At 10 a.m. on Tuesday morning, four blockaders locked themselves to a semi truck hauling pipe destined to be part of the controversial Keystone XL tar sands pipeline. This construction is part of the southern route and blockaders are taking action in Livingston, Texas.
The Livingston Four are: Denny Hook, a retired United Methodist minister; Ray Torgerson, a small business owner from Houston; Tammie Carson, a grandmother and Occupier from Arlington, Texas; and Chris Voss, a farmer from Ravenna, Texas.
This morning they locked themselves to the underside of a massive truck carrying 36-inch pipe intended for Keystone XL construction. The truck was parked, idling at the entrance to the pipe yard. This action made construction activity impossible. Seven blockaders total were onsite risking arrest.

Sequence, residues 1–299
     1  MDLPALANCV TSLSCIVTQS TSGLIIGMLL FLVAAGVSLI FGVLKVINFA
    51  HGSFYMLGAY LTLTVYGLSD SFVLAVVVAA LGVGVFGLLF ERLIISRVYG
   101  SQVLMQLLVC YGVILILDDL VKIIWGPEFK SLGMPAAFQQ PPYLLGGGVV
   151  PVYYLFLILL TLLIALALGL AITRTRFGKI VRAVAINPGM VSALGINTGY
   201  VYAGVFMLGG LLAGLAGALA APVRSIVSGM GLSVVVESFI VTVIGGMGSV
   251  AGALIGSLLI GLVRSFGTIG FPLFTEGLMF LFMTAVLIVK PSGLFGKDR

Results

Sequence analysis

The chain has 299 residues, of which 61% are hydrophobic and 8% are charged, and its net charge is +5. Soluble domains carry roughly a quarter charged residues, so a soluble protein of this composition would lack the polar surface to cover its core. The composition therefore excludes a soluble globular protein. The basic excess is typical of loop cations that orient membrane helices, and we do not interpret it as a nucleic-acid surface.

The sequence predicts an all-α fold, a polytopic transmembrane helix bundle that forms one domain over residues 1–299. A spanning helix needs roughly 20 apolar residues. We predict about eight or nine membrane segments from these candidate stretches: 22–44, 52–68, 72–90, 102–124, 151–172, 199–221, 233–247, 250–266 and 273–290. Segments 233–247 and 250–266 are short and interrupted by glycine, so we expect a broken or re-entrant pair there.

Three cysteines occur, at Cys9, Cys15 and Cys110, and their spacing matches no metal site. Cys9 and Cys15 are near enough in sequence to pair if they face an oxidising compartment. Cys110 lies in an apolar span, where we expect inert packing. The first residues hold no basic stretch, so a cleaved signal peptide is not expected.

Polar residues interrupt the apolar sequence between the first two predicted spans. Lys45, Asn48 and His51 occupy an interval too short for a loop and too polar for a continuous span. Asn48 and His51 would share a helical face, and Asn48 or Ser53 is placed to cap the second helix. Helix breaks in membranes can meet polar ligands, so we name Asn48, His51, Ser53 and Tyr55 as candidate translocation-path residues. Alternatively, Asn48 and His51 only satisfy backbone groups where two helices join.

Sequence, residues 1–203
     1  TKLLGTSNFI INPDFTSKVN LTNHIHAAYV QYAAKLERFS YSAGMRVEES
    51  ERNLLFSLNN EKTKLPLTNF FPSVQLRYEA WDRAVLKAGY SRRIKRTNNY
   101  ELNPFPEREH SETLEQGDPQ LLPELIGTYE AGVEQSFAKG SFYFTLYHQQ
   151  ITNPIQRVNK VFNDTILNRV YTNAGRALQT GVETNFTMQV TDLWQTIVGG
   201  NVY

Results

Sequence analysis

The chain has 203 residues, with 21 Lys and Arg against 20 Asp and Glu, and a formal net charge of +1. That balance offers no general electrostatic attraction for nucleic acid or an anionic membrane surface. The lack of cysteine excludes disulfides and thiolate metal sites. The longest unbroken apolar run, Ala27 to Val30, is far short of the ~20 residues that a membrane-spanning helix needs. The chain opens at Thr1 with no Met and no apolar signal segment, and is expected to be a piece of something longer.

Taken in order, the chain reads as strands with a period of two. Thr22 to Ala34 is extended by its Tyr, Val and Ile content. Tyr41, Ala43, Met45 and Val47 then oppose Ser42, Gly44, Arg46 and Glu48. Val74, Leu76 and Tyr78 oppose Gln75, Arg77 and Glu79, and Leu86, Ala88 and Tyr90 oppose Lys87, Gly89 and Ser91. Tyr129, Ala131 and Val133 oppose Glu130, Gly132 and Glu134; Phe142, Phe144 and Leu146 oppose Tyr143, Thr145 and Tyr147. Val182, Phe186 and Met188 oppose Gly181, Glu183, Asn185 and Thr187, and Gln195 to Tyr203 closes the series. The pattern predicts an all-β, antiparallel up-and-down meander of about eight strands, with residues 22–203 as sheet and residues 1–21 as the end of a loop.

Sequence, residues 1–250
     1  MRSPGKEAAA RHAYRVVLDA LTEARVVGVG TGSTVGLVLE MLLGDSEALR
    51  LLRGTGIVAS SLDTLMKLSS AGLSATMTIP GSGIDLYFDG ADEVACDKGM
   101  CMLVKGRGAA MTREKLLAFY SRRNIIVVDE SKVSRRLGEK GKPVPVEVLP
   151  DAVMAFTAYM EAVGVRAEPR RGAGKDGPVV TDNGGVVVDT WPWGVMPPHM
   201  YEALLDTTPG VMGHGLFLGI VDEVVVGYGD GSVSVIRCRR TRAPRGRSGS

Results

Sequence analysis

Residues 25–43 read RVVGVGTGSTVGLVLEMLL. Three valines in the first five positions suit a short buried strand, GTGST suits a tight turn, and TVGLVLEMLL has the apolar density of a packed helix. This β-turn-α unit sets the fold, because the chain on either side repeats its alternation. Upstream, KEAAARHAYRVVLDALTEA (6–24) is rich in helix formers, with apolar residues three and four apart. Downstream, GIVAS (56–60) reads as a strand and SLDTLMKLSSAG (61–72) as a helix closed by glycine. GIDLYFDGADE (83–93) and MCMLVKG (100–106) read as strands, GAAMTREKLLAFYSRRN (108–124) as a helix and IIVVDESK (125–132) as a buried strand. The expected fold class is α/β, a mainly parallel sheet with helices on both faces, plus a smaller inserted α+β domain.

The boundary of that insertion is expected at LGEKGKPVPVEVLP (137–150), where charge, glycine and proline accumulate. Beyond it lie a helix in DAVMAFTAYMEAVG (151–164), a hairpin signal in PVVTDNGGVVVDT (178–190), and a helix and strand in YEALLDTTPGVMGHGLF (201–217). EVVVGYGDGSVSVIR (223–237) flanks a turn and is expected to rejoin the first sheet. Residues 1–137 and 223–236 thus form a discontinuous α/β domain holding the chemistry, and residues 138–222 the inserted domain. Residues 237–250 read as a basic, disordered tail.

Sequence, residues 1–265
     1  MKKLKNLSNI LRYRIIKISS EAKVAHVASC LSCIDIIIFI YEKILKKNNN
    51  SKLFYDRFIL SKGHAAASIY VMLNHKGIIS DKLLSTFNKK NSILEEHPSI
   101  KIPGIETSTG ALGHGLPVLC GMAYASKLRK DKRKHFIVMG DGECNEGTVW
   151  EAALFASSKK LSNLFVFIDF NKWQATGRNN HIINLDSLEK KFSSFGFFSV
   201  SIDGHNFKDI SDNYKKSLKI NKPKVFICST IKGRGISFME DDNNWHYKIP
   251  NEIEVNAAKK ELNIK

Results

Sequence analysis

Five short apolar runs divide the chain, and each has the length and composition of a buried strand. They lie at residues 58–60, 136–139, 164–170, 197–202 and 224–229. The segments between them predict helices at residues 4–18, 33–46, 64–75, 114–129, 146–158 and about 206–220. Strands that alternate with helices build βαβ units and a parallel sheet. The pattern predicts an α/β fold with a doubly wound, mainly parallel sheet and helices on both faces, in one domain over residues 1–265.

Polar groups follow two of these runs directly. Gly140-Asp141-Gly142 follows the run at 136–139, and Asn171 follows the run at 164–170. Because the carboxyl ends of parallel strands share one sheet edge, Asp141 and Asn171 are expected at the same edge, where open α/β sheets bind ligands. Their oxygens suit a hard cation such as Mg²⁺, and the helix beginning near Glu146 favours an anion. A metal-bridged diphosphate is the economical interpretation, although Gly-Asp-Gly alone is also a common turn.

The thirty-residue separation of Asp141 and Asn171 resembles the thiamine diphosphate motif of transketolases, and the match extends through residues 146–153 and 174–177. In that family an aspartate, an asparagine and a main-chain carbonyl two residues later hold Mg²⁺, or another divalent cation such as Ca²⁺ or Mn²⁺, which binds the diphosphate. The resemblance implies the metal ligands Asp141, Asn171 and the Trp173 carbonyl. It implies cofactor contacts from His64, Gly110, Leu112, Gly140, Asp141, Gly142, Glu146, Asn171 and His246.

They have been threatened with pepper spray by the police, while local construction workers are bringing the protesters water in the hot afternoon sun. At last posting, the police were dismantling the truck axle. One blockader was still holding tight. The 3 others have been arrested. One journalist is part of the six arrested so far as part of this initial wave of citizens’ blockades against the Keystone XL pipeline.
This act of peaceful civil disobedience comes in the wake of a recent court decision condoning TransCanada’s use of eminent domain for private gain. Last week Lamar County Judge Bill Harris ruled in a shockingly abbreviated fifteen-word summary judgment that Texas farmer Julia Trigg Crawford cannot challenge TransCanada’s claim that it is entitled to a piece of her home.
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